Researchers from the Medical University of South Carolina conducted a pilot study that found transcranial magnetic stimulation (TMS) is effective in reducing depressive symptoms and some symptoms of autism in adults. The study suggests that TMS warrants further study as a treatment for adult depression and autism.
TMS is used as therapy for treatment-resistant depression. A magnet is placed on the scalp to generate electromagnetic pulses that activate neurons in the brain near the magnet.
Autism symptoms often cause communication challenges, which causes people with autism to be more prone to depression. There is a 26-50% rate of major depressive disorder in adults with autism. Their depression tends to be more severe than in typically developing people, which means they are more likely to have suicidal ideation and attempt suicide. depression symptoms can make autistic symptoms more challenging. Depression in people with autism are also more likely to be refractory to treatment and standard antidepressant medications are not as effective and can sometimes make autism symptoms worse.
For the study, researchers gathered 13 participants aged 18 to 65 with depression and autism. The participants received 25 daily TMS treatments that targeted the left dorsolateral prefrontal cortex. Results showed that 70% of participants saw a decrease in depressive symptoms and 40% experienced remission. No changes were seen in self-reported autism symptoms but people who knew the participants reported decreases in repetitive behaviors, hyperactivity and irritability. During the study, two participants withdrew from treatments because of anxiety and irritability. Side effects of the study were fatigue, headache and scalp discomfort.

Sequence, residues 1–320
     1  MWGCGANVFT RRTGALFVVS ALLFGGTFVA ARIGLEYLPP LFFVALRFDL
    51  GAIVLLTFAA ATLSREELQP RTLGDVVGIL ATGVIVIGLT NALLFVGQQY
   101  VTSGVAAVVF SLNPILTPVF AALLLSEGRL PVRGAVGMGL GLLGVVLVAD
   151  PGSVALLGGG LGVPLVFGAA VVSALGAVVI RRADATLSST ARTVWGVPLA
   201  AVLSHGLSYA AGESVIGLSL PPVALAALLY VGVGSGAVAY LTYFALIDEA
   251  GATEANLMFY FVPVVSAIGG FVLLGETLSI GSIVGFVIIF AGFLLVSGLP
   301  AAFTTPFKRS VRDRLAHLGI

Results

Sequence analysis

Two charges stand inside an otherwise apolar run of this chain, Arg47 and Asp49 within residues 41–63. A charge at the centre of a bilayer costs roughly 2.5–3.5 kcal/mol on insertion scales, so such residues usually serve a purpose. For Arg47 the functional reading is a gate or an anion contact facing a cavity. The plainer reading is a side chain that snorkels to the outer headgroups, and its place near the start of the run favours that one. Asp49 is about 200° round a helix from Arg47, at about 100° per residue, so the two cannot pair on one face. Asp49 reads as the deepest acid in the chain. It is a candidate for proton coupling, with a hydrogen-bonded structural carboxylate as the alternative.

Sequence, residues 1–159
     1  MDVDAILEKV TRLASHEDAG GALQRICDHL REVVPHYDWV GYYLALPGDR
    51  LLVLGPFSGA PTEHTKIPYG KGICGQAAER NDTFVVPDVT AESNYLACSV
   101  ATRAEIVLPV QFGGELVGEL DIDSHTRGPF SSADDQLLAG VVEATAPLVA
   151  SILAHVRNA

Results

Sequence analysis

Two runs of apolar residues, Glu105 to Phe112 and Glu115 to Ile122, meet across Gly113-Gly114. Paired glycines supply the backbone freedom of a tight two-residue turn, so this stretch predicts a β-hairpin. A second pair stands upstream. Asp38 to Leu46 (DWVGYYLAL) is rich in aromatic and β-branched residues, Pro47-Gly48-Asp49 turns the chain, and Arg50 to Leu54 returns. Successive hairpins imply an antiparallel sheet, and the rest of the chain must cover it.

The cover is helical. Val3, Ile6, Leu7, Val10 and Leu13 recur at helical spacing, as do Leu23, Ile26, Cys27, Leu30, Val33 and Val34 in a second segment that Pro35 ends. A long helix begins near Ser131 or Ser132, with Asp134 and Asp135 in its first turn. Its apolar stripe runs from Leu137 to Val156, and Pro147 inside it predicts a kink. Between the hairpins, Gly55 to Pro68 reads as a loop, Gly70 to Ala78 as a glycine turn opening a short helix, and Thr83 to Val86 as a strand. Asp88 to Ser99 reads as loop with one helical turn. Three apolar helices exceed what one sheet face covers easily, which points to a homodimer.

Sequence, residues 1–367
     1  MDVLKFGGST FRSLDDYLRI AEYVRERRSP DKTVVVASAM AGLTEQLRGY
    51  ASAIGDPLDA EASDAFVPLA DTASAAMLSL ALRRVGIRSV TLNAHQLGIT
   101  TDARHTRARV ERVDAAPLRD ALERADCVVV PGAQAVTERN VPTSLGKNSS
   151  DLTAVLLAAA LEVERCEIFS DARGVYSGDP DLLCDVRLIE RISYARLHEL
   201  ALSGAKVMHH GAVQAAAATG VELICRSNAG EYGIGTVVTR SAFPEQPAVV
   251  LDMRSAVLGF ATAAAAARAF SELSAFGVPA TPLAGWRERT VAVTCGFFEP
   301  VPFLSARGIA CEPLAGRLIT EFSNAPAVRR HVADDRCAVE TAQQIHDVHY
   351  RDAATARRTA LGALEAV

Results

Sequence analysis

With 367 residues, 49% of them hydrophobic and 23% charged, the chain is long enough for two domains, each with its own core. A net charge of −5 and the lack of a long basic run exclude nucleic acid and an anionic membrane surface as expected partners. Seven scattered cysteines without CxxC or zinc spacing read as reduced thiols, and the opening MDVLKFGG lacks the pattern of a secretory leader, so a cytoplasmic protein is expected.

The study had limitations, including the small number of participants and all participants, knew they were receiving TMS. More conclusions from larger studies with randomized patients who receive either TMS or a sham intervention and are blind to which treatment they are receiving.
This study was published in Autism Research.